3. If you chose Standard Test – you do not need to be a certified tester, because everything is handled by your tester. For all the other options – you need become a certified tester. When you sign up with your DHIA, they will tell you how to become a certified tester – most have an on-line test option, but there are also in person classes.
4. Once you are signed up with a DHIA, you can then sign up with TMGR to participate in the Milk Test Production Award program. There are a couple of forms to fill out http://www.tmgronline.com/milk-program and some fees to pay ($5 for your herd plus $2 for each doe). Pretty simple.
Or you can sign up with Langston– which is a one-stop shop. I do not have any experience with Langston. If you would like to work with Langston, you need to contact Eva Vasquez the Langston DHIA manager at email@example.com
When To Do Your First Test—
Anywhere between 7 days after kidding and before day 90, you have your first test. You don’t want to do a test earlier than 7 days post-kidding, because colostrum production can affect test results. If your first test is more than 90 days after kidding, you can still get data about milk production, but it will be “unofficial” and will not count towards milk production awards.
How Often Do You Test—
In general, the recommendation is about every 30 days, or once a month. But there is flexibility in this… you can do a test as early as 15 day after the last test. If your tests are more than 45 days apart, the DHIA could ask for an explanation for why your tests are widely spaced. If your test is more than 90 days after the last test, your milk record becomes unofficial and will not be eligible for milk production awards. Because of other things in my schedule, I like doing milk test on the weekends. So, I tend to do test every 28 days (with the occasional stretch to 35 or 42 days), this allows me to keep my test day on the same day of the week.
How Many Tests Do You Have To Do—
The standard milk test year is 305 days long. The reason – to maximize the number of days the doe produces milk, to allow her 60 days of not milking before her next kid is due. There are people who continue to milk the do year-round without having the doe freshen each year (an extended lactation). For those does, their official record stops at day 305 – so when you compare does, there is a standardized comparison.
If you milk for a full 305 days, and you test about once a month – your standard test year will have 10 tests. But as described above, you can stretch the length between tests, so your herd could have fewer than 10 tests.
The real answer to how many test do you have to do – as many or as few as you want. If you just want to get some data on your does, you could do 3 or 4 tests and call it good. (If you are interested in just a one-day test or doing 3 one-day tests spaced throughout the lactation, these are options that I can help you understand). If you want your and your does effort to potentially lead to milk production awards, then you need to milk long enough to the doe to produce more milk than the minimum requirement posted in the TMGR Milk Test Instructions. Here is the table of minimum requirements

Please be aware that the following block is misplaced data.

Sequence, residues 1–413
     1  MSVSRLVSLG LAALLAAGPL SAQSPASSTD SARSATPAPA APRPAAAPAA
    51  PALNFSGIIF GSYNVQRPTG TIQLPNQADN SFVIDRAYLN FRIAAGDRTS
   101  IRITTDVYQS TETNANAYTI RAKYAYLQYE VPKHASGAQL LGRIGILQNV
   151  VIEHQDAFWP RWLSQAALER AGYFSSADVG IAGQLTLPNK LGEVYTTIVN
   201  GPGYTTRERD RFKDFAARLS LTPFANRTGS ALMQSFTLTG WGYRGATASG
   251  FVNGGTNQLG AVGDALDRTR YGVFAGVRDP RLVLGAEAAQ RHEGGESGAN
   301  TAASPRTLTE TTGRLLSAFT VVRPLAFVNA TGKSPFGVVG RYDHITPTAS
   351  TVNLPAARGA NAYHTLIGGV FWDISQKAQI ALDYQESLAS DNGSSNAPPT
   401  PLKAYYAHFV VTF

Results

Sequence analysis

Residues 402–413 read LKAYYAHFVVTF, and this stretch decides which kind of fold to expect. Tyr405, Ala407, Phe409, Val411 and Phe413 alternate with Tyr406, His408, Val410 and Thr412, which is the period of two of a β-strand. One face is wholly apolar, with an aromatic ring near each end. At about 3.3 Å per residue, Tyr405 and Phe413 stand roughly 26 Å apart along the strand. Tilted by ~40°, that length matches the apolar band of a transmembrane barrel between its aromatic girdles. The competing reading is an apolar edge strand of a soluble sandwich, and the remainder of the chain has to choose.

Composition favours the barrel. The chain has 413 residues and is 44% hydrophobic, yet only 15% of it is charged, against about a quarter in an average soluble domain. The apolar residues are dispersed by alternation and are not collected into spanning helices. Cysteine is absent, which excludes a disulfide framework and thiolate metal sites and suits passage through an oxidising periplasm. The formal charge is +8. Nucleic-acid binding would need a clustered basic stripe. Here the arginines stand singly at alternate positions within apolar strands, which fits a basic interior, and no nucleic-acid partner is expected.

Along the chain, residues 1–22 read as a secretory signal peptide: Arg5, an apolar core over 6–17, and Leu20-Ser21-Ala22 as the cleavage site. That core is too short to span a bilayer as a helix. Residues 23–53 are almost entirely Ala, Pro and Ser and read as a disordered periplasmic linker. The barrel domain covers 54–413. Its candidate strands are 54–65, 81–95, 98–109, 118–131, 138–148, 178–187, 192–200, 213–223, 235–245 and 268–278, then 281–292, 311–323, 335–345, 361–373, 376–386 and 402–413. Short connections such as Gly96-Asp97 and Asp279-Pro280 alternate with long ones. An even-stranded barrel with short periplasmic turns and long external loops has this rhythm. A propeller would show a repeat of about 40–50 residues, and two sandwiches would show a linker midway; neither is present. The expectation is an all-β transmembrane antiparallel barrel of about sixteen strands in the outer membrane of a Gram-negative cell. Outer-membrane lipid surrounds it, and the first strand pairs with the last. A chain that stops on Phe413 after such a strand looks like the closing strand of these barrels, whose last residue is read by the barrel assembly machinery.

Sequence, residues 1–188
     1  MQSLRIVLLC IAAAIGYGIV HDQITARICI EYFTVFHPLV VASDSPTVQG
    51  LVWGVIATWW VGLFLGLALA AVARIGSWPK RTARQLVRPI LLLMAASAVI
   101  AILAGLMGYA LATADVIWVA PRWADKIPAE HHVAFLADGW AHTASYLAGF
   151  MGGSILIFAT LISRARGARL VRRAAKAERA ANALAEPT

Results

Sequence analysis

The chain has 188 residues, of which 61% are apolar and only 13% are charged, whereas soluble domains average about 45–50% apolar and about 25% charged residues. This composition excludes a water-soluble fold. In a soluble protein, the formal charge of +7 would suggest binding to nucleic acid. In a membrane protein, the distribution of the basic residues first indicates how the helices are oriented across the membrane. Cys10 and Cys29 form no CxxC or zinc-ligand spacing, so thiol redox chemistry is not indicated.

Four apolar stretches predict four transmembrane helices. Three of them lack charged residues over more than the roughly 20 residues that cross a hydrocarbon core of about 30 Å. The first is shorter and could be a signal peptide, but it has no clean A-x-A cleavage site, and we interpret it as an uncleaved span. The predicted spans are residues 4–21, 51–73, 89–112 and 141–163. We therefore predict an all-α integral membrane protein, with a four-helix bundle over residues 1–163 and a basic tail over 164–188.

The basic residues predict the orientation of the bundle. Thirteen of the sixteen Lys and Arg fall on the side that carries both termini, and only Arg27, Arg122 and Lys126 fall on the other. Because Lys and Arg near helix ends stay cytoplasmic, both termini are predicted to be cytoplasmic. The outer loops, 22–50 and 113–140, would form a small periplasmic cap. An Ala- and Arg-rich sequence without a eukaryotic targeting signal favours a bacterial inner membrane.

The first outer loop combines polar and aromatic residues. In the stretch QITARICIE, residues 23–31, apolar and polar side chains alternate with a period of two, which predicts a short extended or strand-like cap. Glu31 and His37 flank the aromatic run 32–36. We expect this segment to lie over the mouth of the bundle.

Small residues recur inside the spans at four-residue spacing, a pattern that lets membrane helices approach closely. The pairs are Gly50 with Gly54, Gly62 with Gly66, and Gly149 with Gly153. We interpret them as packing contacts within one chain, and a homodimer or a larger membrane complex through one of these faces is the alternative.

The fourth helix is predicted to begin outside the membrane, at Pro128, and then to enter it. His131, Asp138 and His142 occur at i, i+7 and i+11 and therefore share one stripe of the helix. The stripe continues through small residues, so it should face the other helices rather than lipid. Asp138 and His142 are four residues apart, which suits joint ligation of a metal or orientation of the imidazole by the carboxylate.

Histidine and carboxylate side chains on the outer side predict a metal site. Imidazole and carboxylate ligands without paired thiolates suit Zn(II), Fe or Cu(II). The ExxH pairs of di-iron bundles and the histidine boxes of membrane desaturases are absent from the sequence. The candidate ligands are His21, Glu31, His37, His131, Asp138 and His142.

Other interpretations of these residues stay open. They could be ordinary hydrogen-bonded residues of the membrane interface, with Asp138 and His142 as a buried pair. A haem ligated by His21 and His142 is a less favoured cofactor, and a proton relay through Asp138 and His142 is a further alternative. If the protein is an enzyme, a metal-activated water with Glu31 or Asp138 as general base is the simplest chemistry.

Age refers to the age (year.month) of the doe when she kidded. Any doe that is 2.0 years or less have the same minimum requirement and any doe 5.0 years or older have the same minimum requirement. If your does was 2 years 3 months when she kidded, and she produces more than 1002 pounds of milk OR 45.1 pounds of butter fat, she will earn her AR*D.
Depending on your goal, once your doe has made either the minimum milk weight or the minimum pounds of butterfat, you can stop doing test, dry her up and have earned the production star. If your goal is to show the maximum amount your doe can produce in 305 days… then the number of tests will be more. Some of the data reporting centers extrapolate a week or two out from the test date. So, there are many horror stories of breeders getting a test report saying their doe met the minimum, they then immediately dried her, and when the breed receives the final doe sheet with the doe marked as dry, the amount produced is just below the minimum amounts… so my recommendation – if you are wanting to dry shortly after making the production award – go at least one more test.
You do not have to keep all does in milk for the same amount of time. But if a doe is in milk on test day, her milk should be weighed and sampled.
Here is how your first year on milk test could look:
2 months prior to kidding – sign up with DHIA, take the tester training/exam. Buy your scale and get it certified by your DHIA.
1 month prior to kidding – if you have not received a package of vials and blank paperwork – contact your lab and your data center.
Your first doe kids – yeah!
First milk test -- You do your first milk test with this one freshened doe 3 weeks after she kids.
Your second and third does kid over the next couple of weeks.
Second Milk Test – 4-5 weeks after your first one, making sure that you are more than 7 days after the last doe kidding. This milk test would have all 3 freshen does being tested.
You continue to add does to the test after they freshen (you might need to skip the first test if they kid too close to test date).
Verification Test – If you are on a test plan that needs a verification test, this is scheduled to be more than 60 days after kidding but before 150 days after kidding. Unless you have does kidding spread across more than 6 months, you should be able to have one verification test that covers all of your does.
Go Ahead - Just Get Started!
I hope this helps ... if you have questions -- just ask!
Here's to a successful and fun year of milk test!
* CDCB Breed Code for all Miniature Dairy Goats - "MN"
* CDCB ID Prefix for IDs assigned by The Miniature Goat Registry - "00030"